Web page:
Considering Some Prostate Cancer Facts for Father’s Day

Considering Some Prostate Cancer Facts for Father’s Day

Considering Some Prostate Cancer Facts for Father’s Day

Prostate cancer takes an incredible toll on American men, yet awareness of basic prostate cancer facts is lacking. 

Father’s Day represents a time for us to celebrate the paternal bonds that develop between father and child, as well as to reflect on the role of fathers and father figures in our society. Many children while growing up probably fail to recognize that their dads are indeed mortal, believing instead that these men are infallible and immune to injury or illness. Men in general seem to stray from the subject of health in conversation, preferring perhaps a less personal topic, but the stigma surrounding prostate health is especially hard to break.

While conversations regarding personal health can be uncomfortable, particularly when they involve the most intimate parts of our bodies, men should be more aware of their risk for prostate cancer. Prostate cancer affects millions of men in the United States alone. This Father’s Day, whether you are a father or just care about your own, take some time to consider these prostate cancer facts.

Key Prostate Cancer Statistics

  • 230,000 thousand men will be diagnosed with prostate cancer and that nearly 30,000 will die from prostate cancer in 2014, according to American Cancer Society estimates.
  • More than 2 million men are estimated to be currently living with prostate cancer.
  • About 1 out of 7 men will be diagnosed with prostate cancer; 1 out of 36 will die from prostate cancer.
  • Among cancers, prostate cancer is the most common non-skin cancer and the leading cause of death in American men behind only lung cancer.
  • A man is 35 percent more likely to develop prostate cancer than a woman is to develop breast cancer.
  • A non-smoking man’s risk for developing prostate cancer is greater than his combined risk for developing colon, bladder, melanoma, lymphoma and kidney cancers.

Risk for Prostate Cancer Increases as You Grow Older

Risk for developing prostate cancer increases dramatically with age. While men should be aware that prostate cancer can be diagnosed as early as 35, with very few cases diagnosed at an even earlier age, prostate cancer primarily affects older men. Approximately two-thirds of all prostate cancer cases occur in men aged 65 and older. According to the Centers for Disease Control and Prevention (CDC), a man at the age of 40 has a 2.6 percent chance of developing prostate cancer within 20 years. At age 60, that number increases to nearly 13 percent.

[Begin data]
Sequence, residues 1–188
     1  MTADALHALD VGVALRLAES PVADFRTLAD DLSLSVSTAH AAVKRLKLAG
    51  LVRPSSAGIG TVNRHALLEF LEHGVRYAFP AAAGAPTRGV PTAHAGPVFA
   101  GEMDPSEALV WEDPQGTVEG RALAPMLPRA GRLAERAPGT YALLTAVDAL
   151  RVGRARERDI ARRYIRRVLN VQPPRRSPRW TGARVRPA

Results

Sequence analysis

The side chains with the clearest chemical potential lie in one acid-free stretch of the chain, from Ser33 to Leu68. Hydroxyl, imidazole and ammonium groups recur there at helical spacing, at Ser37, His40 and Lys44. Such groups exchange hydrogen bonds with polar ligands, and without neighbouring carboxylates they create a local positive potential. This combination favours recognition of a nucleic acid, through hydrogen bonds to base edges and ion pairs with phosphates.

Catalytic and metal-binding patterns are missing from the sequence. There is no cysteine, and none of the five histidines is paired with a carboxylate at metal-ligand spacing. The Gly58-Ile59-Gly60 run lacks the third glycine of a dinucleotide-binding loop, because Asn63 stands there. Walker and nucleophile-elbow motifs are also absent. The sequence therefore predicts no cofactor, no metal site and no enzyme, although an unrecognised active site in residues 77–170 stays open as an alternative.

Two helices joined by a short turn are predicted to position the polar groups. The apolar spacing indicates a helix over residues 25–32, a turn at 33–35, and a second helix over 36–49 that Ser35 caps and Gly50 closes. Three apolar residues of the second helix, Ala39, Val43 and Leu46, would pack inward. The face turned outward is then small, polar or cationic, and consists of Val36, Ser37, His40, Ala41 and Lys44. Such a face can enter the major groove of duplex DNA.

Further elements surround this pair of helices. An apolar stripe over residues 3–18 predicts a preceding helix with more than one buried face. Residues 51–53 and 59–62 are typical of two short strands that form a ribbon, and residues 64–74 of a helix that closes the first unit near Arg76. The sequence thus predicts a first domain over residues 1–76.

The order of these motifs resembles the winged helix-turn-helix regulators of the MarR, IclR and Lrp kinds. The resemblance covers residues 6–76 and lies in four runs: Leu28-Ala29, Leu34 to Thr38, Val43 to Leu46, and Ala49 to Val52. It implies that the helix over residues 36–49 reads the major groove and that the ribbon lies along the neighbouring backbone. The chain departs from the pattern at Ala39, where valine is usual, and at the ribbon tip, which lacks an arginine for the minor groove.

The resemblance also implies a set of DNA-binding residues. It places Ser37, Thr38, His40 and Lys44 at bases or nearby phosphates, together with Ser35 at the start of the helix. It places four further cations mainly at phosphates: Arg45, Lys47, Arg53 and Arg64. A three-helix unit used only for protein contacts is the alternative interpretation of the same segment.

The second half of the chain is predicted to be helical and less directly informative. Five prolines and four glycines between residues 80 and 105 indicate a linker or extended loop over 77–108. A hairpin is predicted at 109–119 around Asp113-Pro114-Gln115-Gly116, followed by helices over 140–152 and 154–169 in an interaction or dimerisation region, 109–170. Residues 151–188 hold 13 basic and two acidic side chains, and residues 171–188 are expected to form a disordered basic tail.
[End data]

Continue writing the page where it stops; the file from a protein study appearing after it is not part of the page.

Prostate Cancer Treatments Can Have Serious Side Effects

In 2010, nearly 140,000 prostatectomies were performed to treat prostate cancer, according to the CDC. During this procedure, a part of the prostate gland (simple prostatectomy) or the entire prostate gland (radical prostatectomy) is surgically removed. Side effects to radical prostatectomy can have immense effect on sexual health and ability to control urination. Nearly 80 percent of men who received radical prostatectomy reported an inability to have or maintain an erection while 15 percent reported frequency incontinence or no urinary control, according to results of the Prostate Cancer Outcomes Study.

There are Different Kinds of Prostate Cancer

Most prostate cancers are a type called acinar adenocarcinoma. This type of prostate cancer is generally slow-growing and unlikely to spread beyond the prostate gland, although this is not always the case. About 10 percent of prostate cancers are a type other than acinar adenocarcinoma. These other types include ductal adenocarcinoma, transitional cell, squamous cell, carcinoid, small cell, and sarcomas and sarcomatoid cancers. Some of these, such as sarcomas and sarcomatoid cancers, tend to grow and spread more aggressively.

Prostate Cancer Imaging at RadNet

The prostate cancer facts listed above paint a serious picture. Despite the huge toll that prostate cancer is taking on American men, prostate cancer awareness remains relatively low and more can be done to communicate prostate cancer risks and treatment options to patients. At the RadNet Prostate MRI Program, we believe MRI prostate imaging can help to facilitate this by offering patients and their physicians valuable information about individual cases of prostate cancer, which can inform treatment decisions and allow patients the chance for a long, happy life.

There are better options than the current standard for detecting and grading prostate cancer, a blind 12-core transrectal ultrasound (TRUS) biopsy performed in a urologist’s office. Since implementing MRI prostate imaging in 2009, training with and achieving experience in this relatively new imaging technique, we believe that we are better able to triage men at risk for prostate cancer and guide treatment decisions.

If a suspicious area is detected within the prostate using MRI, we can perform a targeted biopsy that requires fewer needles and results in more accurate information about a potential abnormality or cancer than TRUS biopsy. This can help men with low-grade, low-volume cancers avoid unnecessary radical treatments and their side effects by pursuing a course of active surveillance instead.

Prostate cancer screening has been proven to save lives and, by supplementing PSA blood tests with prostate MRI, we can improve screening to help distinguish aggressive cancers requiring surgery from the low-grade diseases that can be observed. Please consult with your physician to learn if you are a candidate for prostate MRI imaging.

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